Friday, 12 July 2013

How often do you speak Turkish without realizing it?

Today I answer some of the most pressing questions in life, although they may not have even crossed your mind until now:

Have Turks stolen your name?
 Where is the world’s city of moustaches? 
 Why is opening a tuna can in Turkey not as straight forward as it seems?

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Familiar English given names crop up all over the place in everyday Turkish. ‘Ben’ is a rather egotistical ‘I’, ‘Anne’ epitomises ‘mother’, and ‘Adam’ encapsulates ‘man,’ while the quizzical ‘Kim’ doesn’t even know ‘who’ she is! 

Even my husband’s Turkish name means something in English. The unusual dual nature of my husband’s name only really hit me a few weeks after we first met. I happened to tell him a joke which I’d just heard,

‘Can a match box? No but a tin can!’

He stared at me with a blank expression on his face and I began to explain knowing that this would instantly undermine any humour. It suddenly hit me that the punchline of the joke revolved around the double meaning of his own name - Can

Can’ has a beautiful meaning in Turkish – 'soul' or 'life' - whereas in English it’s more like a multipurpose penknife. It’s a modal verb, several nouns, and if you double the word it even becomes an energetic dance wrapped in a frilly skirt.

While I was looking into this topic, a friend told me that her favourite false friend was "Tuna Can" which means "Spirit of the Danube" in Turkish. I researched it and found several hotels called ‘tuna can hotel’ which naturally led me to think of tourists packed into their rooms like sardines. It turns out ‘Tuna’ is in fact a fairly common first name for males. Turkish names have always made me chuckle, not only is ‘Tuba’ in the top 50 girls’ name but I also made the discovery that my husband’s family has members called Cenkis (as in Ghengis Khan) and Atila (of ‘the hun’ fame)!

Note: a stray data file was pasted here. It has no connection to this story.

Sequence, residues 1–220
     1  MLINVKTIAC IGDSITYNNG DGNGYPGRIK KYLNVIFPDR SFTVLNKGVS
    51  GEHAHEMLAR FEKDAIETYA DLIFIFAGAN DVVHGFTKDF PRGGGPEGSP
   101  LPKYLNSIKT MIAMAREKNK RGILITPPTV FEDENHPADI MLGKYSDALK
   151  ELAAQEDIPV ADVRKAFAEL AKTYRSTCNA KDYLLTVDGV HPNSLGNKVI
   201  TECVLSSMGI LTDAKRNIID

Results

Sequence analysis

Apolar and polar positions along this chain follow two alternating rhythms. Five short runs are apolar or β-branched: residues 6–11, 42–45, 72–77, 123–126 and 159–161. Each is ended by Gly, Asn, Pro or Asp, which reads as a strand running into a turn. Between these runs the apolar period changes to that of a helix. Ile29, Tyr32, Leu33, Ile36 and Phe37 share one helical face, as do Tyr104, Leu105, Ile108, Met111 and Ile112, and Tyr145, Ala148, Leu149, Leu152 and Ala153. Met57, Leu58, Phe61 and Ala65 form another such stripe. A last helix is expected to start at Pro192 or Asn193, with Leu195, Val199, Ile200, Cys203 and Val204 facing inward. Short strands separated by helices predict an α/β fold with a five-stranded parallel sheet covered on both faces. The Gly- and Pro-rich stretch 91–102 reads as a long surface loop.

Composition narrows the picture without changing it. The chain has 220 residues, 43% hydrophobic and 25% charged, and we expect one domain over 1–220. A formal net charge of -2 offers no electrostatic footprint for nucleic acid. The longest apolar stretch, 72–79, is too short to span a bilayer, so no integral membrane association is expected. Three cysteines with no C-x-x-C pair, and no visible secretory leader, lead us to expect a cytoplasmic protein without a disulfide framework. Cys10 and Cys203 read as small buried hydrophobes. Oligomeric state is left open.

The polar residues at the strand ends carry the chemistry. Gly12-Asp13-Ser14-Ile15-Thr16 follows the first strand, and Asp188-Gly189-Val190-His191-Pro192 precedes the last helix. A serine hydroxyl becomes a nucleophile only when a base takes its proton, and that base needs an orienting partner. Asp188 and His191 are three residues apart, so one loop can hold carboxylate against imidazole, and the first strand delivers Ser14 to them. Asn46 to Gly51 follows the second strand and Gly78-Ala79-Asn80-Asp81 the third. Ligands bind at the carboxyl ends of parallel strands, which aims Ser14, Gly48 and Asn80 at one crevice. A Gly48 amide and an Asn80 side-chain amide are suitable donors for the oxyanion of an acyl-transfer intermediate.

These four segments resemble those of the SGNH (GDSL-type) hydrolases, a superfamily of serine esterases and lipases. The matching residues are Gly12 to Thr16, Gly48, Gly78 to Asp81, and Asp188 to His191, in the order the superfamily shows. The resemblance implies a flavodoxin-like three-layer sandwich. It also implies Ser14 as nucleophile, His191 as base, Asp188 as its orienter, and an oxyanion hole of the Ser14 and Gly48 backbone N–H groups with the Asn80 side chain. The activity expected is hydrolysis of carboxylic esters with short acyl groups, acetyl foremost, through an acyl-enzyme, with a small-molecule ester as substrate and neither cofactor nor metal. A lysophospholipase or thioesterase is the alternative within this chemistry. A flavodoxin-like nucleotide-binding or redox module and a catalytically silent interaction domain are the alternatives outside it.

There’s a wealth of words in Turkish which look like English words. To show you, here’s a quick fire round of English prepositions and pronouns which crop up in Turkish. ‘On’ means ten, ‘at’ means horse, ‘an’ means ‘moment,’ ‘her’ means ‘every’ and ‘it’ is a rather crude way of saying ‘dog.’ So you see, you’re using and even swearing in Turkish with almost every English phrase you utter! 

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Once you move onto English nouns, you find yourself in an even more confusing jumble of false friends! The peaceful sound of the ‘harp’ is actually the drum of ‘war.’ The dreaded ‘sag’ associated with old age has the much more sprightly meaning of being ‘alive.’ When a Turk repeats ‘bile’ over and over, they’re not revealing a national obsession with digestion but simply saying ‘already.’ If a Turk points to a pile of money and says ‘bin,’ he’s not asking you to throw it away, he’s merely clarifying that it’s worth a ‘thousand.’ 

Residents of Norwich will be pleased to know that ‘kent’ is used as the metonym for ‘city’ in many Turkic languages. This puts a whole new slant on the name of Uzbekistan’s capital Tashkent – the city of moustaches! This hipster-attracting interpretation is far more entertaining than its actual etymology meaning ‘city of stone.’ 

And finally, to end on a romantic note, there are no questions or doubt surrounding the word ‘ask’ (aşk) in Turkish. It refers to ‘love’ but not just any old love. It refers to a profound love – the love of God (divine love) or for a special someone (romantic love). It’s so specific that it’s saved for special or formal white-tie occasions. This is where it trumps English ‘love’ which tends to fall down under the weight of its own overuse. I mean, how many times do I exclaim, ‘I LOVE nutella!’ each week? Of course, you could argue that a love of Nutella is indeed profound but that’s for another post perhaps... 

If you’re interested in False Friends, check out morbid cakes and deceptive ciaos in Italian vs English And for those with Nutella addiction, feast your eyes on Bologna's Chocolate Festival

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Does your name have a meaning in another language?
Are there any fun false friends between the languages that you speak?


  1. Google need a like button for posts. :)

  2. The flaw here, though, is that Can in Turkish is pronounced Jaan, which somehow defeats the object of the article!


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